Popular Beverages Stimulate Oropharyngeal and Gut Receptors Eliciting Modulation of the Upper Digestive Processes

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Michael Kevin McMullen


This paper reports clinical studies on the effect of agonists of taste and chemethesis receptors in the oropharyngeal cavity and the gut. The peripheral nerve system plays a vital role in our selection or rejection of what we eat and drink. Although the degree to which it is hard-wired has not been determined, it is known that our food and drink choices change with age.  Scientific studies on the impact of food and drink on the body have been concerned predominantly with nutritional factors and, more recently, impacts on cholesterol and blood sugar levels. On the other hand, the sensations we experience during eating and drinking have long been regarded, perhaps even dismissed, as purely hedonistic. The idea that foods and drinks may actually influence digestion is a novel one and is based on the discovery 20 years ago of taste buds, innervated by the vagi, in stomach and intestinal tissues. Studies indicate some of our most popular drinks modulate both postprandial hyperaemia and gastric emptying. It is proposed that the bitter taste experienced with some foods and drinks promotes increased blood flow to the splanchnic circulation and slows the flow of chyme to the small intestine. In cases of toxicity, these actions promote emesis whereas at non-toxic levels, bitter substances promote digestion by increasing postprandial hyperaemia and slowing gastric emptying. Additionally, chemethesis agonists can act on the oropharyngeal receptors resulting in a slower gastric emptying. These effects may lead to a learned behaviour and subsequent enjoyment of bitter tastants, rather than their rejection, amongst those with reduced digestive capacity. It provides a rationale for the popularity of certain bitter tasting aperitifs and digestive alcoholic beverages originating in southern Europe.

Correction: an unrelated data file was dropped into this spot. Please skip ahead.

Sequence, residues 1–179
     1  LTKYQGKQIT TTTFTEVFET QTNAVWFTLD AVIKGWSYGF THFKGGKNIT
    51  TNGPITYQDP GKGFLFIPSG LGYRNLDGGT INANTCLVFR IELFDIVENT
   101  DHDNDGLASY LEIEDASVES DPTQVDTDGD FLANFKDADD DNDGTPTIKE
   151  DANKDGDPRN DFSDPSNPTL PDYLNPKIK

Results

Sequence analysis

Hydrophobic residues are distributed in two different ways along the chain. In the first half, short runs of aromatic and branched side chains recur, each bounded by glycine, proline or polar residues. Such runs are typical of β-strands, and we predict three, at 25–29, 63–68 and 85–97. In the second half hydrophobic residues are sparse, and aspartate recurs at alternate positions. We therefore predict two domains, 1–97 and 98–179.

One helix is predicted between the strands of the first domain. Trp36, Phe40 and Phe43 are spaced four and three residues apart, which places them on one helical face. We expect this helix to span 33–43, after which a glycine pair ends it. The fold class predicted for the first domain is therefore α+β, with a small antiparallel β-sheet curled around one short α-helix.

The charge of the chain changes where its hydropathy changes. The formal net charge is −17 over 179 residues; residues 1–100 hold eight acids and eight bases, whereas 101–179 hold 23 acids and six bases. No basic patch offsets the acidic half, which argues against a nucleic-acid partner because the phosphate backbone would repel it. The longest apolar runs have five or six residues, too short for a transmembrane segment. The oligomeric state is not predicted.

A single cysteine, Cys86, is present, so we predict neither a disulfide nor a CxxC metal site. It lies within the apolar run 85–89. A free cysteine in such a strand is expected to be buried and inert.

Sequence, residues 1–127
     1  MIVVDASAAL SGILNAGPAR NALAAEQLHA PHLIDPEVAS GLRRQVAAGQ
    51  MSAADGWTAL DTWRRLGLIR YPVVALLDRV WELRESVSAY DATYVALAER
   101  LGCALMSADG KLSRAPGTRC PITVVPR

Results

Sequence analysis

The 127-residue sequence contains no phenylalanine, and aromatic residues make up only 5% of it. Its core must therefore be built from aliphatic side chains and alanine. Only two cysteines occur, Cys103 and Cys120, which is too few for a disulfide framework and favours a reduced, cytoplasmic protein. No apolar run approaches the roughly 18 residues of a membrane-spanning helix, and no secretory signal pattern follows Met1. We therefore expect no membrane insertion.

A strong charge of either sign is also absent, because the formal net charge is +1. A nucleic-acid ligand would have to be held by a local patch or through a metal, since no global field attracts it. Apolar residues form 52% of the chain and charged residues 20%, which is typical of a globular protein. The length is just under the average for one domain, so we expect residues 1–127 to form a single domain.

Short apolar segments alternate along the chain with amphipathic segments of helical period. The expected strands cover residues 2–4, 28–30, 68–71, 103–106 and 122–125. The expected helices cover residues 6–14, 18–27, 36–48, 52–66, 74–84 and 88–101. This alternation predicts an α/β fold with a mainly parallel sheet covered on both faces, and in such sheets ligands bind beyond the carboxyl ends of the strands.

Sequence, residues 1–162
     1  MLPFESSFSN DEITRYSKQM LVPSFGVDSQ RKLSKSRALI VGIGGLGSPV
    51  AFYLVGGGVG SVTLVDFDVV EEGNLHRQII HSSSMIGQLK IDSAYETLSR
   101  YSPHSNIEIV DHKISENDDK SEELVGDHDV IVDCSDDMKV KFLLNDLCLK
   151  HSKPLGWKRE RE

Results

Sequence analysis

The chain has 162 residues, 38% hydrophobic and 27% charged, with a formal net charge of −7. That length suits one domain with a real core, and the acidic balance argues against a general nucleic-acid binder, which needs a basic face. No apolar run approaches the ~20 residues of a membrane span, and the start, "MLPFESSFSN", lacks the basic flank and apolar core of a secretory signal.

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MCMULLEN, Michael Kevin. Popular Beverages Stimulate Oropharyngeal and Gut Receptors Eliciting Modulation of the Upper Digestive Processes. Medical Research Archives, [S.l.], v. 10, n. 12, dec. 2022. ISSN 2375-1924. Available at: <https://esmed.org/MRA/mra/article/view/3418>. Date accessed: 17 june 2024. doi: https://doi.org/10.18103/mra.v10i12.3418.
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